It has now been more than a week since I have returned home from the Olympics in Vancouver and, as you might expect, I have had countless people ask me about the experience. The most common question that I get is, "Did you have fun?" in which I answer, "Yes, but it was also one of the most exhausting experiences that I have ever encountered".
It is now 3:45am in California and I have still not had a solid night of sleep in a month. Lots of things going through that little brain of mine. Things that either keep me from falling asleep or wake me up in the middle of the night. For some reason, this morning I woke up thinking about the lessons learned at the Olympics, and what I would do differently next time.
Lesson 1: Probably the most surprising thing about photographing the games, was the immediacy in which the photographers post their images. As you blog readers know, most of the time I was trying to edit the same day or the morning after each event. This is pretty much unheard of with event photography. I mean...who in the right mind expects you to shoot a wedding or Bar Mitzvah and have all the best images edited by the next morning, right? Well...at the Olympics, the big agencies have Ethernet lines run right to the photographer so that they can shoot, edit and post their best shots within minutes of the moment captured. This means that Ethernet cables were run to their seats at the hockey games, along the snow to their shooting positions at the half pipe event, and even up the slopes for the downhill events. Amazing! Shawn White would make his first run down the half pipe and minutes later, the USA Today would have an image ready to post online.
This cracked up the pressure on me. At the beginning of the Olympics, I would travel on the press buses with all my camera gear, but I would not bring my laptop, since it would add even more weight to my already heavy load. But, by the middle of the games, I realized that I HAD to have my laptop because 45 minutes on the press bus was 45 minutes of editing time lost. This was obvious to me when I saw everybody else cranking out images (using their cellular cards from their laptops) from the bus.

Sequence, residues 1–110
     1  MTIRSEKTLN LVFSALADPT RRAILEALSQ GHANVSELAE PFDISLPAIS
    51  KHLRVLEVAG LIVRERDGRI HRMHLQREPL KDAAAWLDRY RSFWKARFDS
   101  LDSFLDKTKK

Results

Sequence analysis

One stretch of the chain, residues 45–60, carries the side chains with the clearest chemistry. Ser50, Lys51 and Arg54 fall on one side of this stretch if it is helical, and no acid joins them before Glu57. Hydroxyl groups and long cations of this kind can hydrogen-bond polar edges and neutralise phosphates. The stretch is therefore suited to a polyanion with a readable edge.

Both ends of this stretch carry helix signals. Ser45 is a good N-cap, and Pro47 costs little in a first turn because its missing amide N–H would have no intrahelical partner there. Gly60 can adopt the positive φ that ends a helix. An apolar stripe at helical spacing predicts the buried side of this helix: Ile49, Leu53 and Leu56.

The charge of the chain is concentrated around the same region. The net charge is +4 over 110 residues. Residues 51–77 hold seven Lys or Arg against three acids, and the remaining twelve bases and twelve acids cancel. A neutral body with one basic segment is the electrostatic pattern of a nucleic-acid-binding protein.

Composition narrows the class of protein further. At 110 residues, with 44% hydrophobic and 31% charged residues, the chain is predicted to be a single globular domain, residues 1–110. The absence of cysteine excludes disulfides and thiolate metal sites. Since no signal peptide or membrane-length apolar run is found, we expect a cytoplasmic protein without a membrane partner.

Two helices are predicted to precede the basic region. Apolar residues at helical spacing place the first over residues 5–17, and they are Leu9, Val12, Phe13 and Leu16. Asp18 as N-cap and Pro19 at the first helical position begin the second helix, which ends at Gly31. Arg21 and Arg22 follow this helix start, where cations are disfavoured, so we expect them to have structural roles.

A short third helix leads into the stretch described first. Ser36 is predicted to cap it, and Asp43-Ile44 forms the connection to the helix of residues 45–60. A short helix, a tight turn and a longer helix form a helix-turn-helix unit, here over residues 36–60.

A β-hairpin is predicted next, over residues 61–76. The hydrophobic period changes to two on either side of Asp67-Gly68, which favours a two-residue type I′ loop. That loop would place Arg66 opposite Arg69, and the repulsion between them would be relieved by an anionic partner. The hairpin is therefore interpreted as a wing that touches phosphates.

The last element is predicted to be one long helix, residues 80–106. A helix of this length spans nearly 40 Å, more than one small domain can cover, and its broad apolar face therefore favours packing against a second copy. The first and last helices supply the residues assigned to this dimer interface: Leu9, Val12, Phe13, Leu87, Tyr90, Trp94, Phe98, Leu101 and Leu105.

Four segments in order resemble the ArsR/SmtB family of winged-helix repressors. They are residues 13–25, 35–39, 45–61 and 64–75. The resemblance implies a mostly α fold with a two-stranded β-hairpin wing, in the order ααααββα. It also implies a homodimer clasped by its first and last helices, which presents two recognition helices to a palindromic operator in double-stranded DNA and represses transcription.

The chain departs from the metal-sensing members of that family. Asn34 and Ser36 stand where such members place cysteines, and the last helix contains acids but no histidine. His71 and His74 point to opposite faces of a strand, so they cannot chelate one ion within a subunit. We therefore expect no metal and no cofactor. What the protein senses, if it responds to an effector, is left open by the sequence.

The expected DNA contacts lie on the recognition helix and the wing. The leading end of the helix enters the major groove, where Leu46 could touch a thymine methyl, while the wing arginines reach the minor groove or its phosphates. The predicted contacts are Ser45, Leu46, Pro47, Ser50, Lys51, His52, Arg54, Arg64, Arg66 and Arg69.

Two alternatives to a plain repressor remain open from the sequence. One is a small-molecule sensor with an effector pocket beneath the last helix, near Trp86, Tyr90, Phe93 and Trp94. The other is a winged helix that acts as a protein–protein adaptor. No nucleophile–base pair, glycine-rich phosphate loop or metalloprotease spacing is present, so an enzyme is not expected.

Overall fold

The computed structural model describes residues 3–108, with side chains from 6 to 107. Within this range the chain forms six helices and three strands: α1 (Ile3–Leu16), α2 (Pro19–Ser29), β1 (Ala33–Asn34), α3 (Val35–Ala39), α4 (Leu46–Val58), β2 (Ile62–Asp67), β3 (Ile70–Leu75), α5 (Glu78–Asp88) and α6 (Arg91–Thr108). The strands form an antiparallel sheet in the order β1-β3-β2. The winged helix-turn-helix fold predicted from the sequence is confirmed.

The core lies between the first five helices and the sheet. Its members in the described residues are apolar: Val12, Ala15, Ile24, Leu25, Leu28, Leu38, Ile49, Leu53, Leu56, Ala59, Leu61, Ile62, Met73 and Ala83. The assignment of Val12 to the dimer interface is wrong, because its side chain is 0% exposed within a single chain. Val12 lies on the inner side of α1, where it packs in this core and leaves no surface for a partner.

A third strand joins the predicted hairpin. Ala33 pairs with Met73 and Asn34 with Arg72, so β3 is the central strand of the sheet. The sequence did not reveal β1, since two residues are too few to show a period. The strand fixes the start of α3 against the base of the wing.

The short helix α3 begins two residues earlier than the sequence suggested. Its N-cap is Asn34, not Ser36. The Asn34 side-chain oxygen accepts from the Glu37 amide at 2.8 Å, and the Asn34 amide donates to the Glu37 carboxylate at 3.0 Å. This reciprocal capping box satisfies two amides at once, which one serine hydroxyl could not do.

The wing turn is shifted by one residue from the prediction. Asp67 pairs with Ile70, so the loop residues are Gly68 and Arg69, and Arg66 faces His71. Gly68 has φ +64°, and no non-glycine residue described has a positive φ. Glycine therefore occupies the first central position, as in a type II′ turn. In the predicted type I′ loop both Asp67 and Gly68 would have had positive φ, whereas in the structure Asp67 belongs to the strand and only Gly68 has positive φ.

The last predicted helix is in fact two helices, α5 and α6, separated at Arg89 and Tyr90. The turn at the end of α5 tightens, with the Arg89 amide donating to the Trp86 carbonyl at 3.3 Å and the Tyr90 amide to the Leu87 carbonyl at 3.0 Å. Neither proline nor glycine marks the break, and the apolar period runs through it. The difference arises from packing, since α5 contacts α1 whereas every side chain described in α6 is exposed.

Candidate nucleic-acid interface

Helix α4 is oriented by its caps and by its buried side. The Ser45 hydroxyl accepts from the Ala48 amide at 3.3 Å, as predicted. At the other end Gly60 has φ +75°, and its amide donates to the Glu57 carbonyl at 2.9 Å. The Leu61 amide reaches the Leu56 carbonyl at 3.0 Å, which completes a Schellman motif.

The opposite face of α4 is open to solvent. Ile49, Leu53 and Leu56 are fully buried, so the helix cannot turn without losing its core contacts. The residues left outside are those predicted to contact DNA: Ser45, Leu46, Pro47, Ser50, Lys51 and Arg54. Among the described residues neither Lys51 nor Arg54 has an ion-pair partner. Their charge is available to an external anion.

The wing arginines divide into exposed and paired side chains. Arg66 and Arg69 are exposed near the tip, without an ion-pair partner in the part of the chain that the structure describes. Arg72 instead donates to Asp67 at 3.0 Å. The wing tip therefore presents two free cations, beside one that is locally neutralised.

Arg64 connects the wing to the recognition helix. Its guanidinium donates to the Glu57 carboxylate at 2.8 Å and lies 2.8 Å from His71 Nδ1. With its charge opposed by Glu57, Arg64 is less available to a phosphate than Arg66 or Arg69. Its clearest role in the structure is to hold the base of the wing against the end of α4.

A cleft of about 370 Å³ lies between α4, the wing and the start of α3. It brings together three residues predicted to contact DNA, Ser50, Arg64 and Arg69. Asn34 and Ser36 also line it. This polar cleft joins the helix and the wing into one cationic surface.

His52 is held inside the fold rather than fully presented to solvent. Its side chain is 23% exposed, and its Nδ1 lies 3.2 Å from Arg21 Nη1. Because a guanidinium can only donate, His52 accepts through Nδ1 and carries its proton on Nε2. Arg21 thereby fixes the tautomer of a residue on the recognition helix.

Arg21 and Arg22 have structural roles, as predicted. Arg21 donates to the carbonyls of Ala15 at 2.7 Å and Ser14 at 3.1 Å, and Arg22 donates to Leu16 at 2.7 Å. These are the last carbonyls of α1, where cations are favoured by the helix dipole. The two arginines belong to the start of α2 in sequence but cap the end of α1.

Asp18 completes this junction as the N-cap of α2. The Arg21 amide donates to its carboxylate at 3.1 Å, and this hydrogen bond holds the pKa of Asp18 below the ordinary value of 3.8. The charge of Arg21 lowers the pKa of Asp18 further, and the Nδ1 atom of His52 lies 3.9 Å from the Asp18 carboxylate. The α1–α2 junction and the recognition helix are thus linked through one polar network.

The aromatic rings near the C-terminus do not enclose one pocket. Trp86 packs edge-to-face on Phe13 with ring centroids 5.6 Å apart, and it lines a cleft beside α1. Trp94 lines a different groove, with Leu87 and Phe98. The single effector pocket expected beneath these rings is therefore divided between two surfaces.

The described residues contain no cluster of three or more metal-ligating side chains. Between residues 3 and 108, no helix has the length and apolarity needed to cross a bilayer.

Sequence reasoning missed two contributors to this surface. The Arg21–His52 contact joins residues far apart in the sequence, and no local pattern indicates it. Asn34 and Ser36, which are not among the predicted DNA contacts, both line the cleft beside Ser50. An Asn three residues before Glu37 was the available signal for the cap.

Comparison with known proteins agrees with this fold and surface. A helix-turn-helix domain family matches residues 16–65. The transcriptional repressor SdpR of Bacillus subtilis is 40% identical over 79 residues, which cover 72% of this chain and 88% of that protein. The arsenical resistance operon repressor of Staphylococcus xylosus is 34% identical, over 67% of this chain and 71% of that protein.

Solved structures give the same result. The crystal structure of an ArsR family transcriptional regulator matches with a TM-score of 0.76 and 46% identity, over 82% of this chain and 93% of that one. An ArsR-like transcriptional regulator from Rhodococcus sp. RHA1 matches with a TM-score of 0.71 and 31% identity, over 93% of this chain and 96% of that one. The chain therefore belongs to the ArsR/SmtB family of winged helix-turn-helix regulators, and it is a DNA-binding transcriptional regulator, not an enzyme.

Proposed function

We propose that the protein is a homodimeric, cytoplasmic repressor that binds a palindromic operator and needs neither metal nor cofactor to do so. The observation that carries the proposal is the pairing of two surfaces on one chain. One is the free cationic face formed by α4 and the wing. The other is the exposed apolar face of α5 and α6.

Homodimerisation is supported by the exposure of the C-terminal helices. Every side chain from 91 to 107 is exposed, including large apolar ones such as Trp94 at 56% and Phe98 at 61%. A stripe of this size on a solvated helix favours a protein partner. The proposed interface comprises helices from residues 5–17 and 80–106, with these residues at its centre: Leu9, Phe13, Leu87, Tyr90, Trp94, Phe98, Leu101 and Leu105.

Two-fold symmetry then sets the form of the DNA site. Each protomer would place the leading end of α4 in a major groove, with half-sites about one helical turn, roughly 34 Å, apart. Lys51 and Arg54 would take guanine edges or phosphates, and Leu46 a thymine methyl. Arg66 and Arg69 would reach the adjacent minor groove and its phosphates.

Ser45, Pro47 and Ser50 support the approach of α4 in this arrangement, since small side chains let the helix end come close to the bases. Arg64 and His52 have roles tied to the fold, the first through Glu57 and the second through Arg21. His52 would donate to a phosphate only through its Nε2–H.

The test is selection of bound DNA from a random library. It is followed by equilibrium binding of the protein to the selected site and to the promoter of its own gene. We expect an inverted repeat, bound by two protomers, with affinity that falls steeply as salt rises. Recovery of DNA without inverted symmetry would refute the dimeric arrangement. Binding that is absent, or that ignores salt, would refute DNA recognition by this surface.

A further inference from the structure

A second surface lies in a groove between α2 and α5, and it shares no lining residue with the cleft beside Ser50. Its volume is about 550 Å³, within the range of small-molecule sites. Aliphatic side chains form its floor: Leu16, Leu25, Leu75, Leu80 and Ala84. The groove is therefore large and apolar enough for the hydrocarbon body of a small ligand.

Lesson 2: I learned is that I need to edit less. That means that I need to go through the thousands of images and find the best 5 or 6 and get them done quickly. Typically I would pick 30 or 40 to edit. Too many!
Lesson 3: Don't over edit! I am really picky about my shots and want to make sure that they are perfect. I found out that, at the Olympics, there is no time for perfection. I need to get it done well and get it posted and not worry about the minutia.
Lesson 4: Be more careful when picking my top images. Since I was in such a hurry to get images selected, edits and uploaded, I sometimes missed key images. It wasn't until I got home that I noticed that I had actually captured a key moment in the first USA vs Canada hockey game. On the image below, I had an image of Kessler's amazing empty net goal, with the puck just coming off of his stick. I had edited the image before this one, that frankly was not quite as sharp and without the puck in the shot. It sure helps to have a 30" display to see these details (vs that tiny 15" display on the laptop)
I also skipped the key shot from the opening ceremonies, which was the snowboarder jumping through the hoops at the very beginning of the event. I knew that I liked, but since it needed a little more editing than the rest, I put it aside (and never went back to it until earlier this week - Ooops).
Lesson 5: Shut down the brain and try to sleep more. I am not sure if this is possible, but I think that next time I would rely more on Melatonin or some other sleep aid to try and sleep better. Speaking of which, now I am going to try and get back to sleep for a little bit before the work day starts. Good morning everyone!